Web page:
Controlling False-green kyllinga in cool-season turf
False-green kyllinga (Kyllinga gracillima) is a warm-season perennial sedge (Cyperaceae) species that has become increasingly problematic in cool-season turfgrass. It has been reported as far north as Connecticut and south to the Carolinas. Green kyllinga (Kyllinga brevifolia) is another perennial sedge species that is nearly identical to false-green kyllinga but is found only in the Southern and Southwestern US.
False-green kyllinga is a rhizomatous mat-forming weed that resembles turfgrass except that it has a lighter green color. False-green kyllinga is especially competitive under low mowing heights common to athletic fields. It can often thrive undetected by the sports turf manager, particularly during periods of active growth as it forms a dense turf-like mat. False-green kyllinga is in the same plant family (sedges or Cyperaceae) as yellow nutsedge (Cyperus esculentus); both species have a triangular stem and three-ranked leaf arrangement. Yellow nutsedge is typically interspersed within the turfgrass canopy and has rapid vertical growth, making it very noticeable just a few days after mowing. Kyllinga is more noticeable in late August when it produces flowers (seedheads) that resemble small burs into the fall as growth slows and it goes off color. It becomes extremely noticeable during winter dormancy, which begins after the first frost.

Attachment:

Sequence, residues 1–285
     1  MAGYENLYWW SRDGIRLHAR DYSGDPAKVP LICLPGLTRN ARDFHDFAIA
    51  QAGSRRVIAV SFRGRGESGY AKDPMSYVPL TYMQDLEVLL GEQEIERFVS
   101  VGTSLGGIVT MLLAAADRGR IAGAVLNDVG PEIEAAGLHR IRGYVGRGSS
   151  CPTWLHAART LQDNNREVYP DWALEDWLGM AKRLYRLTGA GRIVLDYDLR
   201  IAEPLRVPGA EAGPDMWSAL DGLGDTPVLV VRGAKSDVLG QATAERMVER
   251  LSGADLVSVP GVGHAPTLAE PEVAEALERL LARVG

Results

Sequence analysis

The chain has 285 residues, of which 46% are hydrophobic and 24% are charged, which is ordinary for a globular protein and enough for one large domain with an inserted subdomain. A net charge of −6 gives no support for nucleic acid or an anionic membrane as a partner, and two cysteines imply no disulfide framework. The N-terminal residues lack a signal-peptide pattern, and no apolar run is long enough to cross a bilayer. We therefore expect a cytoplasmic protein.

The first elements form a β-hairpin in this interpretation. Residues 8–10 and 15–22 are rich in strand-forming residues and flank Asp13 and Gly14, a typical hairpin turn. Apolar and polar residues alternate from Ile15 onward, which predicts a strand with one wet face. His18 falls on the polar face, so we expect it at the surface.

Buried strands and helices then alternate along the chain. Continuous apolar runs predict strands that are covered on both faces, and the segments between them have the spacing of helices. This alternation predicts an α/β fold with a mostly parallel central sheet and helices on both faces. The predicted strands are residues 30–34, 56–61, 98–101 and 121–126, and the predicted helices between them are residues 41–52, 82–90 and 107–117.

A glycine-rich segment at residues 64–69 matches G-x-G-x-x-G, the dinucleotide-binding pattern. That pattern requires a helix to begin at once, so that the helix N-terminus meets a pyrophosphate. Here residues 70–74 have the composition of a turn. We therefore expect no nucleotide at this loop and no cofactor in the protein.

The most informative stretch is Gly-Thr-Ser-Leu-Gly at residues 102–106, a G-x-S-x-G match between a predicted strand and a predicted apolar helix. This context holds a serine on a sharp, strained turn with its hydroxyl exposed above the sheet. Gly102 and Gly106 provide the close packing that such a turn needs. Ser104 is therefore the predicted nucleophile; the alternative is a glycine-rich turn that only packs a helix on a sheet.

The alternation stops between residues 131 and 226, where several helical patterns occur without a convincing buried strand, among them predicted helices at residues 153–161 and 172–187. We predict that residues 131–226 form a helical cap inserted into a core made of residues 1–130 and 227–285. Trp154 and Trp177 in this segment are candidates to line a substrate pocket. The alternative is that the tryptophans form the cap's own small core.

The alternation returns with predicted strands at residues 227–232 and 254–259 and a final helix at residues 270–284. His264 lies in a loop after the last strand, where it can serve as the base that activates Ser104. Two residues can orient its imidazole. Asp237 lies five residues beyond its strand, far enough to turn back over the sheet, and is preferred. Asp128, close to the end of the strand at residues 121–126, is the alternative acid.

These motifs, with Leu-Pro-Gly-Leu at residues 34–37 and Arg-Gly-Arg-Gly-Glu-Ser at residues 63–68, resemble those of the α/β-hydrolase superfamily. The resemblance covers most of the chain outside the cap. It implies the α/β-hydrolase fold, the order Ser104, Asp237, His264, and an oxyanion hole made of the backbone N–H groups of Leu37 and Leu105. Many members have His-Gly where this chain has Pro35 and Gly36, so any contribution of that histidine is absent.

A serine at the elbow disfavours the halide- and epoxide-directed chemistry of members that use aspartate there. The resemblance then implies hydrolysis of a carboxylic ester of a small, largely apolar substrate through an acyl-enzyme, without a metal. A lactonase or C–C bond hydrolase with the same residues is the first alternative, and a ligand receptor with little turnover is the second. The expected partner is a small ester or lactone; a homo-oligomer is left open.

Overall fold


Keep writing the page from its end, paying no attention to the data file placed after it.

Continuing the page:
As a warm-season perennial, false-green kyllinga emerges from rhizomes in late spring/early summer as the soil warms and grows rapidly throughout the summer months. The dense kyllinga mat expands as the rhizomes grow outwards. Dormancy occurs after the first frost in the fall.
This section will discuss chemical, physical, and cultural considerations for false-green kyllinga control.
False-green kyllinga does not contain underground tubers like yellow nutsedge so physical removal using a sod cutter or fraze mowing is an effective option. It is important to make sure that you cut or fraze deep enough to remove the rhizomes. False-green kyllinga rhizomes are typically closer to the soil surface than those of bermudagrass, so removal is more practical. The advantage of physical removal is that seeding or sodding can be completed immediately after removal with no herbicide residual concerns. However, this strategy is expensive and can result in the field being unavailable during the renovation.
Selective herbicide options
False-green kyllinga is a perennial that emerges from rhizomes, therefore, pre-emergence herbicides used to control annual weeds are not effective. While pre-emergence herbicides can control kyllinga seed, the duration and timing of seedling emergence is not known.
There are several post-emergence herbicide options for false-green kyllinga. Herbicide applications should be made soon after kyllinga shoots fully emerge in late spring. This timing is essential to allow herbicide absorption by leaf tissue and limit the total number of follow-up applications. Make the first application in late May to mid-June. After re-growth is observed and sufficient shoot tissue is present for herbicide absorption make the second application. This is typically 3-6 weeks after the initial application.
Herbicides used for false-green kyllinga control/suppression will also provide yellow nutsedge control. However, many products registered for yellow nutsedge control will only suppress false-green kyllinga.
Herbicide options listed below are safe for use on most cool-season turfgrass species. Plan herbicide programs in advance of seeding to ensure that the herbicide will not reduce establishment. Refer to each product label for more information on use around seeding or sodding; most herbicides listed below can be used beyond 4 weeks of an application. Always refer to the label information on turfgrass safety and as the final authority for herbicide use. Additional options are available for use in warm-season turfgrass but are not discussed.